State of Florida Public Records Open to Anyone
You don’t have to be mentioned in any of the state of Florida public records in order to gain access to them. The “Sunshine State” has one of the most open policies when it comes to accessing any sort of official record generated there. This makes Florida a dream for private investigators, amateur investigators, genealogists, law enforcement personnel, and anyone else who needs access to the records others have generated.
In the state of Florida, public records are generally held by one of three agencies:
1. The county courts–County courts house vital records (birth, death, marriage, and divorce), wills, land transactions, civil and criminal case dockets, probate records, tax lien records, and similar documents.
2. The sheriff’s departments in each county–The sheriff’s departments keep arrest records in each county, along with mug shots.
3. The property appraisers in each county–The property appraisers keep records of who owns property, as well as when a property sells, and for how much. You’ll also find the taxable value of each property at these agencies.
The Florida Department of Vital Statistics in Jacksonville also houses some records. You’ll find state-wide birth, death, marriage, and divorce records there going back to about the 1920’s, depending on the record. For vital records earlier than that, you’ll need to go to the county court house in which the event occurred.
The only records that are sealed are birth records and juvenile records (both civil and criminal, including guardianship papers). To get either, you have to be either the person named in the record, or the parent of that person. Birth records are unsealed after 100 years, at which point anyone can request them.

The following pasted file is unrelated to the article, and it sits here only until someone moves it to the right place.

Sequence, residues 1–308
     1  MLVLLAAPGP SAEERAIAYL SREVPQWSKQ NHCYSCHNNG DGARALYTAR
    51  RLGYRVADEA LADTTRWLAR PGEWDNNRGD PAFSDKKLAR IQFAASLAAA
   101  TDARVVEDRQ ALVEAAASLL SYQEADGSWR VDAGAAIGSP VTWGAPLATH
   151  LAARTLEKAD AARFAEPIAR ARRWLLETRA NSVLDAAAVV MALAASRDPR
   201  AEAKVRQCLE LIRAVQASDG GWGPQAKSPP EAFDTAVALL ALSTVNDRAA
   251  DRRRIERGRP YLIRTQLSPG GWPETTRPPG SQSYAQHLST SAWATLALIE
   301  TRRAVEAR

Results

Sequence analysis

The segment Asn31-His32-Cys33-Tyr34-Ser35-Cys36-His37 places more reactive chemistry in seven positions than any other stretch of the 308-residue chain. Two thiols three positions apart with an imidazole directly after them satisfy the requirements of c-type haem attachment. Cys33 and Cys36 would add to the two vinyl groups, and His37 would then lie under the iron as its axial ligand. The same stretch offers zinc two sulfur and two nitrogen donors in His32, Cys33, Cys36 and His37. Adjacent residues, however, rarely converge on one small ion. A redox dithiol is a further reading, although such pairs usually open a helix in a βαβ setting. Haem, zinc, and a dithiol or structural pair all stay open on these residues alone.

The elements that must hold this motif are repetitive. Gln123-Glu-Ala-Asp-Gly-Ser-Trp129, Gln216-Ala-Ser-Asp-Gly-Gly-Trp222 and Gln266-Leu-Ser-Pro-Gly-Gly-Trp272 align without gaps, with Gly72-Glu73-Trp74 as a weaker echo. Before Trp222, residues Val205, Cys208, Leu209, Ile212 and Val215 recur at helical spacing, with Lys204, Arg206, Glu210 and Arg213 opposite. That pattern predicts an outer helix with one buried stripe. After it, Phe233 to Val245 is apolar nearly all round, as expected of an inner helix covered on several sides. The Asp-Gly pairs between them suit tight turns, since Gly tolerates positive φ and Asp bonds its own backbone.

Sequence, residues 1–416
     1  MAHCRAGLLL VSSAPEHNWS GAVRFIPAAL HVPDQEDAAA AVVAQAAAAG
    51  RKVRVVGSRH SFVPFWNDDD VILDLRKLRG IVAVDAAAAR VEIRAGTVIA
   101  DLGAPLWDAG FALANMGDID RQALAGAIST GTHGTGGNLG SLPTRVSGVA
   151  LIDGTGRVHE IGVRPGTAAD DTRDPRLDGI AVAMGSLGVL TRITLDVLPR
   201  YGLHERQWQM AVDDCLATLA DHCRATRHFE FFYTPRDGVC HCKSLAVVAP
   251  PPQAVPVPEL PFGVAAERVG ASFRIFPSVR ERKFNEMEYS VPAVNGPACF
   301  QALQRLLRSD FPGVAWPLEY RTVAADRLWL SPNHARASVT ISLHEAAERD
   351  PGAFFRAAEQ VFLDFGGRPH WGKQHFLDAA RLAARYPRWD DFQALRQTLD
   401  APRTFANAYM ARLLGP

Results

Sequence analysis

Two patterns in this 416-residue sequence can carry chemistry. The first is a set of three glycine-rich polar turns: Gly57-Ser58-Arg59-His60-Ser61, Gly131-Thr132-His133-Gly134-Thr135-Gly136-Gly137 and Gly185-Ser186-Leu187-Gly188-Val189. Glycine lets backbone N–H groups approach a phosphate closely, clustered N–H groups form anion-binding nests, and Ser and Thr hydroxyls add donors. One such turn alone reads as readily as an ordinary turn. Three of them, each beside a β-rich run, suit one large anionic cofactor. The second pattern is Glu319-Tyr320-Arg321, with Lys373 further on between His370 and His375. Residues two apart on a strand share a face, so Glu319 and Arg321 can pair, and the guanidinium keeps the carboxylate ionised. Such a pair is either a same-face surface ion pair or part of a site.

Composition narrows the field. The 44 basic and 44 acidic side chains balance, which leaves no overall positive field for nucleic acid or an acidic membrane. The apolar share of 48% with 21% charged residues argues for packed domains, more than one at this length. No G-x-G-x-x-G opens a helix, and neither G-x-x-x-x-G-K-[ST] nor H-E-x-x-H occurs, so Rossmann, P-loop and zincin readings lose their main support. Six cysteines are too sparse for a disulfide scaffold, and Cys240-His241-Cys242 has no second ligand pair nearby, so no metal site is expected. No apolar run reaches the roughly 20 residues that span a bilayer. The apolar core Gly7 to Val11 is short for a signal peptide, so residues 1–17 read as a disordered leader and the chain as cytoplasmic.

The Government in the Sunshine law is responsible for the openness of Florida’s records. This law was put into practice under the presumption that official government records are part of the process of governing, and that in a democratically elected government system, the records of the government ought to be available to the public that elected it.
Many counties in Florida are now putting their public records online for anyone to access. Some of the larger counties in the state, such as Hillsborough, Polk, Orange, and Dade, have scanned images of documents on their websites, so you can view the entire record without leaving home (for privacy reasons, documents pertaining to family law cases are only viewable at the court house in these counties). Other counties only have the indexes to records available online, so you have to go to the court house in person to see the entire record.
The state of Florida public records are among the most accessible in the nation.